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Passive Reflectances

From Eq.$ \,$ (C.75), we have that the reflectance seen at a continuous-time impedance $ R(s)$ is given for force waves by

$\displaystyle \hat{\rho}_f(s) \isdefs \frac{F^{-}(s)}{F^{+}(s)} \eqsp \frac{R(s)-R_0}{R(s)+R_0} \protect$ (C.76)

where $ R_0$ is the wave impedance connected to the impedance $ R(s)$ , and the corresponding velocity reflectance is $ \hat{\rho}_v(s)= -\hat{\rho}_f(s)$ . As mentioned above, all passive impedances are positive real. As shown in §C.11.2, $ R(s)$ is positive real if and only if $ \hat{\rho}_f(s)$ is stable and has magnitude less than or equal to $ 1$ on the $ j\omega $ axis (and hence over the entire left-half plane, by the maximum modulus theorem), i.e.,

$\displaystyle \left\vert\hat{\rho}_f(s)\right\vert \leq 1,$   re$\displaystyle \left\{s\right\} \leq 0. \protect$ (C.77)

In particular, $ \left\vert\hat{\rho}_f(j\omega)\right\vert \leq 1$ for all radian frequencies $ \omega\in(-\infty,\infty)$ . Any stable $ \hat{\rho}_f(s)$ satisfying Eq.$ \,$ (C.77) may be called a passive reflectance.

If the impedance $ R(s)$ goes to infinity (becomes rigid), then $ \hat{\rho}_f(s)$ approaches $ 1$ , a result which agrees with an analysis of rigid string terminations (p. [*]). Similarly, when the impedance goes to zero, $ \hat{\rho}_f(s)$ becomes $ -1$ , which agrees with the physics of a string with a free end. In acoustic stringed instruments, bridges are typically quite rigid, so that $ \hat{\rho}_f(j\omega)\approx 1$ for all $ \omega $ . If a body resonance is strongly coupled through the bridge, $ \vert\hat{\rho}_f(j\omega_c)\vert$ can be significantly smaller than 1 at the resonant frequency $ \omega_c$ .

Solving for $ R(s)$ in Eq.$ \,$ (C.77), we can characterize every impedance in terms of its reflectance:

$\displaystyle R(s) = R_0\frac{1+\hat{\rho}_f(s)}{1-\hat{\rho}_f(s)}
$

Rewriting Eq.$ \,$ (C.76) in the form

$\displaystyle \hat{\rho}_f(s) \eqsp \frac{\dfrac{R(s)}{R_0}-1}{\dfrac{R(s)}{R_0}+1},
$

we see that the reflectance is determined by the ratio of the ``new impedance'' $ R(s)$ to the ``old'' impedance $ R_0$ in which the incoming waves travel. In other words, the incoming waves see the wave impedance ``step'' from $ R_0$ to $ R(s)$ , which results in a ``scattering'' of the incident wave into reflected and transmitted components, as discussed in §C.8. The reflection and transmission coefficients depend on frequency when $ R(j\omega)$ is not constant with respect to $ \omega $ .

In the discrete-time case, which may be related to the continuous-time case by the bilinear transform7.3.2), we have the same basic relations, but in the $ z$ plane:

$\displaystyle \hat{\rho}_f(z)$ $\displaystyle \isdef$ $\displaystyle \frac{F^{-}(z)}{F^{+}(z)}
\eqsp \frac{R(z)-R_0}{R(z)+R_0}$  
$\displaystyle R(z)$ $\displaystyle =$ $\displaystyle R_0\frac{1+\hat{\rho}_f(z)}{1-\hat{\rho}_f(z)}$  
$\displaystyle \Gamma(z)$ $\displaystyle =$ $\displaystyle \Gamma _0\frac{1-\hat{\rho}_f(z)}{1+\hat{\rho}_f(z)}
\protect$ (C.78)

where $ \Gamma\isdef 1/R$ denotes admittance, with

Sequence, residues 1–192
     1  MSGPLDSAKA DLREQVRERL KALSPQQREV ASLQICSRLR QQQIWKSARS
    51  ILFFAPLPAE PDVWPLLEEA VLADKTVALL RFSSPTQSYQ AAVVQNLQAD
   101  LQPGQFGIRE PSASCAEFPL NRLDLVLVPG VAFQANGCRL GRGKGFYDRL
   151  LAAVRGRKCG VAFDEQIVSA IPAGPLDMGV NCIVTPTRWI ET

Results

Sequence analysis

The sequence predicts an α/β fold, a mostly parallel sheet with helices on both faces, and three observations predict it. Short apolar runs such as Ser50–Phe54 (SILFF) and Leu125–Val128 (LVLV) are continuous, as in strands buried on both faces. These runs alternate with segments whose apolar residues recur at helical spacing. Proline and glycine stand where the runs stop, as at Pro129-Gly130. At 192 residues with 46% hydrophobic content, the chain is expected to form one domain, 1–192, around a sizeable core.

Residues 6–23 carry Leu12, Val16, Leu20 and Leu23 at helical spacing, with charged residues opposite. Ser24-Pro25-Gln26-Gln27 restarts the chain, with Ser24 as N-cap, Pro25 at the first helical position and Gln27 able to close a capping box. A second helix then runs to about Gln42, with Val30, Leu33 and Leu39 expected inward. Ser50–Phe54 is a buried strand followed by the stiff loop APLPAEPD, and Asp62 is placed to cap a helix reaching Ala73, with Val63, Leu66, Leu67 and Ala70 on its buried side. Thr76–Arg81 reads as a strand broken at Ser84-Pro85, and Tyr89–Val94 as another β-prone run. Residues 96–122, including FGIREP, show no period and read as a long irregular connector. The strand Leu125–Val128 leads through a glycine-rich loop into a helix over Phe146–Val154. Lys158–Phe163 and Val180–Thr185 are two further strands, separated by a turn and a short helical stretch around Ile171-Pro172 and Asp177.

$\displaystyle \left\vert\hat{\rho}_f(z)\right\vert \leq 1, \quad \left\vert z\right\vert \leq 1. \protect$ (C.79)

Mathematically, any stable transfer function having these properties may be called a Schur function. Thus, the discrete-time reflectance $ \hat{\rho}_f(z)$ of an impedance $ R(z)$ is a Schur function if and only if the impedance is passive (positive real).

Note that Eq.$ \,$ (C.79) may be obtained from the general formula for scattering at a loaded waveguide junction for the case of a single waveguide ($ N=1$ ) terminated by a lumped load (§C.12).

In the limit as damping goes to zero (all poles of $ R(z)$ converge to the unit circle), the reflectance $ \hat{\rho}_f(z)$ becomes a digital allpass filter. Similarly, $ \hat{\rho}_f(s)$ becomes a continuous-time allpass filter as the poles of $ R(s)$ approach the $ j\omega $ axis.

Recalling that a lossless impedance is called a reactance7.1), we can say that every reactance gives rise to an allpass reflectance. Thus, for example, waves reflecting off a mass at the end of a vibrating string will be allpass filtered, because the driving-point impedance of a mass ($ R(s)=ms$ ) is a pure reactance. In particular, the force-wave reflectance of a mass $ m$ terminating an ideal string having wave impedance $ R_0$ is $ \hat{\rho}_f(s)=
(ms-R_0)/(ms+R_0)$ , which is a continuous-time allpass filter having a pole at $ s=-R_0/m$ and a zero at $ s=R_0/m$ .

It is intuitively reasonable that a passive reflection gain cannot exceed $ 1$ at any frequency (i.e., the reflectance is a Schur filter, as defined in Eq.$ \,$ (C.79)). It is also reasonable that lossless reflection would have a gain of 1 (i.e., it is allpass).

Note that reflection filters always have an equal number of poles and zeros, as can be seen from Eq.$ \,$ (C.76) above. This property is preserved by the bilinear transform, so it holds in both the continuous- and discrete-time cases.



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``Physical Audio Signal Processing'', by Julius O. Smith III, W3K Publishing, 2010, ISBN 978-0-9745607-2-4.
Copyright © 2014-03-23 by Julius O. Smith III
Center for Computer Research in Music and Acoustics (CCRMA),   Stanford University
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